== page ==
Avenue (12 North Meramec Avenue, Clayton; 314-727-4141) Mon.-Thurs. 7 a.m.-10 p.m. Fri. 7 a.m.-11 p.m. Sat. 8 a.m.-11 p.m. Sun. 8 a.m.-9 p.m.
Chef Bryan Carr didn't necessarily want to shutter his beloved pair of restaurants, Pomme Restaurant and Pomme Café & Wine Bar. Initially, he had hoped to merge the two complementary concepts (Pomme Restaurant was more upscale, Pomme Café was a casual breakfast, lunch and dinner spot) into one at the original location on North Central Avenue, but it proved logistically impossible. When the former Roxane space in Clayton opened just a few blocks away, Carr saw it not only as an ideal fit, but also as an opportunity for reinvention. His new concept, Avenue, gently nudges patrons in a new direction while giving them many of Pomme's familiar comforts.
Carr walks this fine line in different ways. Pomme's signature avocado green paint colors the walls, yet the dining room is much more modern. The floors, walls and fireplace mantel are made of a dark, gray-hued wood. Patrons enter the bar area of Avenue first, then walk down two shallow steps into the main dining room. Floor-to-ceiling pocket doors section off an overflow dining room, with its own separate bar, that doubles as private-event space.
Avenue's menu is a mix of new and old as well, but Carr's classic bistro sensibility remains wholly unchanged. The pumpkin-ravioli appetizer pairs naturally sweet squash with a salty prosciutto topping. The roasted shallots and pine-nut garnish add a bright floral pop. The smoked salmon starter was very fresh, with a nose of melon. Sliced cucumbers and radishes enhanced this flavor profile, along with a horseradish cream cheese and herbed crostini. The sautéed wild mushroom appetizer is served over thick slices of baguette, and a dollop of luscious burrata turns it into a decadent standout.
I was impressed by Avenue's textbook execution of cassoulet. Carr prepares the Southern French staple with perfectly cooked white beans, chunks of duck confit, mild pork sausage, tender pork shoulder and just a hint of tomato. Breadcrumbs sprinkled over the top add crunch to a casserole that tastes too rich to be peasant food. The menu's geography heads slightly east with another hearty entrée, the beef daube. This Provençal dish consists of fork-tender, red-wine-braised beef with a salty kick from black olives. The stew is ladled over fettuccine noodles like a Mediterranean-style beef stroganoff. It is a warm, stick-to-your-ribs choice.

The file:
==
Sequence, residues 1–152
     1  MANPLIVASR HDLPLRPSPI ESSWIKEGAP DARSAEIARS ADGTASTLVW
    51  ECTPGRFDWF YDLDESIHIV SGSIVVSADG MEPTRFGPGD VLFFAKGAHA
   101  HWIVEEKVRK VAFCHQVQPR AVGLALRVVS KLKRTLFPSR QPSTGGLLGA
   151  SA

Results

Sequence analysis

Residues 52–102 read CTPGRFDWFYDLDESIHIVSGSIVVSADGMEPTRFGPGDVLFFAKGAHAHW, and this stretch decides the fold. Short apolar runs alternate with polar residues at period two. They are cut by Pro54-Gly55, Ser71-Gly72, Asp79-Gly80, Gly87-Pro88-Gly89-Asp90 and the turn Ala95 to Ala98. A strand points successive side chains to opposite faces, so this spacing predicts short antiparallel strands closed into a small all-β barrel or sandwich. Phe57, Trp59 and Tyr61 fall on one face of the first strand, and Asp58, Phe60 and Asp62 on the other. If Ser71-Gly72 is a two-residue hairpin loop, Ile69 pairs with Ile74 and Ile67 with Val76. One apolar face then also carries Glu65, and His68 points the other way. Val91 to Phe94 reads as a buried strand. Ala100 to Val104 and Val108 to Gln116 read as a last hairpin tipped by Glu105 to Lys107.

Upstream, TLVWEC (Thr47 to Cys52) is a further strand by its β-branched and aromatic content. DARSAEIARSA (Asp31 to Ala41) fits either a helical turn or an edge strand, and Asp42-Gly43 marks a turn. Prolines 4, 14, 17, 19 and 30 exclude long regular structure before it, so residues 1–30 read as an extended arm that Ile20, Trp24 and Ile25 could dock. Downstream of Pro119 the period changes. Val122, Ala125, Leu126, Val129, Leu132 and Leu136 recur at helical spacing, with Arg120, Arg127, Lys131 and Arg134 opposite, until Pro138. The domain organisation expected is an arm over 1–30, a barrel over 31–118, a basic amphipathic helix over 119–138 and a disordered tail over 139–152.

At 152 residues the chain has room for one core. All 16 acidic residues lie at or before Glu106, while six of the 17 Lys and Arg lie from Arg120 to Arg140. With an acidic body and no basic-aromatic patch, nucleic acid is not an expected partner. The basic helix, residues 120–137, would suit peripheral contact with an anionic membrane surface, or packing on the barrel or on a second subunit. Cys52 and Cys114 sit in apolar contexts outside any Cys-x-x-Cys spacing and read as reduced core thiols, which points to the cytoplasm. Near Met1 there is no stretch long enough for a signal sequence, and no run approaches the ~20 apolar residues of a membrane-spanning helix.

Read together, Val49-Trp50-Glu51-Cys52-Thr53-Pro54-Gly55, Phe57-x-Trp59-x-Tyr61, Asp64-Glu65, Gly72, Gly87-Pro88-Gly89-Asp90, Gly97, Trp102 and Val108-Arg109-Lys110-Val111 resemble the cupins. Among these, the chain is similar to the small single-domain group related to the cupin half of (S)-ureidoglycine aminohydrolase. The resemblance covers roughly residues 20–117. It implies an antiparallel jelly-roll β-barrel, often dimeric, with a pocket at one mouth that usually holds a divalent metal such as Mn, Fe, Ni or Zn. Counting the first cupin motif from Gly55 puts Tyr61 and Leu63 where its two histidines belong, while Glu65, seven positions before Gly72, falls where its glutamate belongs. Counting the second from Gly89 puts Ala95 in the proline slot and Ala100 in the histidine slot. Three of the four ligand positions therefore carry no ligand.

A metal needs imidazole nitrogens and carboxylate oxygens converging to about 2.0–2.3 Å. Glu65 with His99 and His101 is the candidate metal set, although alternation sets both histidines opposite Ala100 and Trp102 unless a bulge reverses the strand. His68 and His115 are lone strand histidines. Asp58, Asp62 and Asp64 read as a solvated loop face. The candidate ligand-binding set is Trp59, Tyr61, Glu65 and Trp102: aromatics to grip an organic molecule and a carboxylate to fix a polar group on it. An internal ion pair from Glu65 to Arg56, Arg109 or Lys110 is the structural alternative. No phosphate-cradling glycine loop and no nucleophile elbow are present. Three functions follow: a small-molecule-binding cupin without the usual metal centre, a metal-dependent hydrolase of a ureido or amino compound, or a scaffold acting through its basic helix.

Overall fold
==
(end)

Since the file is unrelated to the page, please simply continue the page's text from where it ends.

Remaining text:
Tender pork schnitzel is another of Avenue's successful entrées. The thin cutlets are lightly coated in herbed breadcrumbs, pan fried and topped with large chunks of brandy-sautéed apples. Paprika-dusted roasted red potatoes and haricot verts accompanied the pork -- simple sides that let the sweet and savory schnitzel shine. The restaurant is equally comfortable with seafood. Avenue's catch of the day, pan-roasted cod, could not have been more expertly cooked. The buttery fish flaked apart in large moist chunks and rested atop a tart stone-ground mustard and tarragon sauce that cut through the richness.
Dinner at Avenue set a very high bar that lunch did not always rise to. The kale salad with faro, walnuts and roasted apples would have worked, but the apples were mushy and tasted oddly like kumquat. I did not at all care for Avenue's chicken-salad sandwich. The shredded chicken was sparsely tossed in aioli, resulting in a flavorless, pasty mixture. The sole sandwich was better -- its panko breading gave the fish a pleasant crunch, but it needed more tartar sauce and different bread. The Cuban-style toast added to the sandwich's dryness. The same bread worked much better on the grilled roasted ham, melted Gruyère cheese and tangy country-style mustard sandwich -- the best of Avenue's lunchtime offerings.
Pomme Café & Wine Bar was one of my go-to brunch spots, and Avenue will easily replace it. Blueberry pancakes, scented with the slightest hint of lemon, were so thin they were almost crêpe-like. "Eggs Avenue," a fun riff on a Florentine-style Benedict, features two strips of bacon, sautéed spinach, and broiled tomato over a seasoned cheddar grits cake. A poached egg tops the dish, its yolk serving as a rich sauce that ties the components together. I would have preferred something softer than the chewy French bread for the French toast. Thankfully, the caramel-y concoction of apples and bananas spooned over the top softened it slightly. My favorite brunch offering, the ham and egg crêpe, was more like a breakfast wrap, overstuffed with scrambled eggs, ham and gooey cheese.
It might take a while for people to stop comparing the two restaurants, but Avenue demonstrates it can easily become the apple of a Pomme fan's eye.
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